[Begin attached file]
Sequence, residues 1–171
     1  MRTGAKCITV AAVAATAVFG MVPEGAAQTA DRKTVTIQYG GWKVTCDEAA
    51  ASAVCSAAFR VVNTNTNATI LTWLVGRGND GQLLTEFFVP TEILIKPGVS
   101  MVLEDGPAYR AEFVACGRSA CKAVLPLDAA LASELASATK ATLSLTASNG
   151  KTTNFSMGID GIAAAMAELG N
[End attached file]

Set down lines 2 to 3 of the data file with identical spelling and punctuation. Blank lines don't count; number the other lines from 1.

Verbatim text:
     1  MRTGAKCITV AAVAATAVFG MVPEGAAQTA DRKTVTIQYG GWKVTCDEAA
    51  ASAVCSAAFR VVNTNTNATI LTWLVGRGND GQLLTEFFVP TEILIKPGVS